My shopping cart
Your cart is currently empty.Continue Shopping
Vintage Vibes: 1965 Lake Placid Blue Fender Bass VI
Not a baritone, not a bass, and not even really a guitar, this 1965 Fender Bass VI is somehow all of those things at once, and more. Papa Shelby takes us through the history of this freaky Fender and outlines how it’s similar to other models, yet entirely its own. And he does a spot-on Carol Kaye.
The Bass VI is kind of a strange instrument as that it is not a bass or a guitar or a baritone. But somehow it is all of those things in one.
The Bass VI was released in 1961, right around the same time the Jag came out. It was really designed to compete with Danelectros UB-4 at the time. The original production line ran up to 1975, which is a really long period of time considering how strange this thing really truly is.
The Fender Bass VI is not a baritone, it is actually tuned like an electric guitar in perfect fifths from E to E, but down an entire octave like a bass would be. But it's also not a six-string bass with a huge neck.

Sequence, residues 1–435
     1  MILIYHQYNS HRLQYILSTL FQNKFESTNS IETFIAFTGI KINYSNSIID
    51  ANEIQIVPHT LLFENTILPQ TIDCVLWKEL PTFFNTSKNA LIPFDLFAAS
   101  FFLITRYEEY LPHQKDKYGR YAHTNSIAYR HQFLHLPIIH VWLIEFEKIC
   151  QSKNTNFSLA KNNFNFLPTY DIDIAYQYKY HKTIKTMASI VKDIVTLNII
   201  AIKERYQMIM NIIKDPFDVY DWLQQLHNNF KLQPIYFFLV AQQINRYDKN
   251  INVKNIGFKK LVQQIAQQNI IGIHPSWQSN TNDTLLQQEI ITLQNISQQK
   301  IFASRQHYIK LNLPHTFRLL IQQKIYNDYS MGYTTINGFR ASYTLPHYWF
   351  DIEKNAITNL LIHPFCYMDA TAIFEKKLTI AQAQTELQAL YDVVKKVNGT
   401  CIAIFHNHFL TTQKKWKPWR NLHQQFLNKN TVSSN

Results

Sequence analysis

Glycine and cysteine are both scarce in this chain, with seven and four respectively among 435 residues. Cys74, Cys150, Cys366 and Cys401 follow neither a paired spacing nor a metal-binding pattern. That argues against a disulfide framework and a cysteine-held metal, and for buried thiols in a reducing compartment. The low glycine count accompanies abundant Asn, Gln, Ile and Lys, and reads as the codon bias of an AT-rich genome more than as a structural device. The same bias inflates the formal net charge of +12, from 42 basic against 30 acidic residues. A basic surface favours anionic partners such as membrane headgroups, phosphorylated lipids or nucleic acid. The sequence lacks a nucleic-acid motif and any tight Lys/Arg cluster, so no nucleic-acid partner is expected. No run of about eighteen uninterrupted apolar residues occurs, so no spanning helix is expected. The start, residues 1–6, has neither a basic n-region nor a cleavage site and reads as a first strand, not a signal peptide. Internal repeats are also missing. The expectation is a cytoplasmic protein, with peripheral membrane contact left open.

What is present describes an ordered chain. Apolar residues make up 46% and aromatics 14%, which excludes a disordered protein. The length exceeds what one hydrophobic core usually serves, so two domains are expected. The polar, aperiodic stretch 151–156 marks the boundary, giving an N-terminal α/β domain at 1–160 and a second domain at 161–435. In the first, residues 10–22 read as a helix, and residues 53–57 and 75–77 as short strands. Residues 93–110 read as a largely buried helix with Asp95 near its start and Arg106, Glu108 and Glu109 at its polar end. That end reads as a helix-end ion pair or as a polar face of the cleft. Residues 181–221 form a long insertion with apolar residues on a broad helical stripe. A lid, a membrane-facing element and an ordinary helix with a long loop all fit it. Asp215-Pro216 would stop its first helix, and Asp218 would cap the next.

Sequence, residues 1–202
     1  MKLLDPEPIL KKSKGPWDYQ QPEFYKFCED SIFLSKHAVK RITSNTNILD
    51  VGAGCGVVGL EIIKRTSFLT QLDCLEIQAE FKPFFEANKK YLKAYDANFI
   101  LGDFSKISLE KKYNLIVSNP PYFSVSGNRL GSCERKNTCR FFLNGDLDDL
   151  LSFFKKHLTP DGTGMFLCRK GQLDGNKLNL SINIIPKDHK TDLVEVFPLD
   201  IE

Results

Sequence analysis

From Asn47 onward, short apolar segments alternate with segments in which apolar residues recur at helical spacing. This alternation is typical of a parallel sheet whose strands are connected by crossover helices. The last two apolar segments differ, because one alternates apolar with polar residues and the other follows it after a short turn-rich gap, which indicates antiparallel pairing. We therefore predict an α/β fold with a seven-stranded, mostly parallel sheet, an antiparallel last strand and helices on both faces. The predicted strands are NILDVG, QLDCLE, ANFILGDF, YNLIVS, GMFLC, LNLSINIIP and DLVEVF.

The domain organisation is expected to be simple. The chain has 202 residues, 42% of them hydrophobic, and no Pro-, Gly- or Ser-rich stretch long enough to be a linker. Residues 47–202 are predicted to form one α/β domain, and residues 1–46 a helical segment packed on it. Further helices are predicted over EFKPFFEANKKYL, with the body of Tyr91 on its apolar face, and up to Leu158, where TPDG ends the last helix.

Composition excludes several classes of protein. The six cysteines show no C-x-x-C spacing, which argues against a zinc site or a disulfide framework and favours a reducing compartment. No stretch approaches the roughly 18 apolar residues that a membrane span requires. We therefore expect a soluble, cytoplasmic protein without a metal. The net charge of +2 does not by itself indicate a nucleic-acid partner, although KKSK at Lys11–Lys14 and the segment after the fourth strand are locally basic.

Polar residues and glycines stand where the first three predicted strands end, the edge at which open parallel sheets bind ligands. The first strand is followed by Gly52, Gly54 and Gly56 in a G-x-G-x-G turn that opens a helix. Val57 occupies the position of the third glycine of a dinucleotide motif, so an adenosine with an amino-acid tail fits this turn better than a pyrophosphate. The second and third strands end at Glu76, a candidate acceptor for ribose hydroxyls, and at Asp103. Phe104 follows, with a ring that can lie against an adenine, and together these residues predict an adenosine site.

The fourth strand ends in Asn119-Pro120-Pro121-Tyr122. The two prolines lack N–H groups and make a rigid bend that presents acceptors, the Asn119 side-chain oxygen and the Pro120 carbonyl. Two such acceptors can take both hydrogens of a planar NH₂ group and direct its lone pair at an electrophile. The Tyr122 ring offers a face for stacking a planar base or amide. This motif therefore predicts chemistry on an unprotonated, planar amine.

It's a 30-inch scale with 21 frets. Like a Jag, you have independent switches for each pickup here and also a high pass filter, the strangle switch so you can get a wide variety of tones. Also, the pickups, although they look like Strat pickups in the way that Jaguar pickups look like Strat pickups are actually quite a bit different because of the comb here on the sides.
The metal piece on the side of the pickup actually focuses the energy into the middle of the whole piece of a much more defined sound than you would in a Strat pickup.
The Bass VI also has a really great Fender mute, which also came on the Jaguar. So if you really wanted to get that Tic-tac bass sound, you just have the articulation of the note, but not the sustain. You can mute the notes. This one's actually intact. A lot of the old ones fall apart. You need to replace them.
These instruments were played by the likes of Carol Kaye, Glen Campbell, The Beatles, The Cure and more.
I think it's just a fun hybrid, again, between playing bass and electric guitar, because you can really make beautiful chords that are obviously an octave below what you normally would be in as a guitar player, but still have all the feel and functionality of a guitar. I mean having a trem on a bass is really interesting. It also has an offset waist. So it's very comfortable.
Epiphone honors real rock royalty with the Alex Lifeson Les Paul Axcess Standard, the brand’s latest signature release, designed in collaboration with the Officer of the Order of Canada and...Read more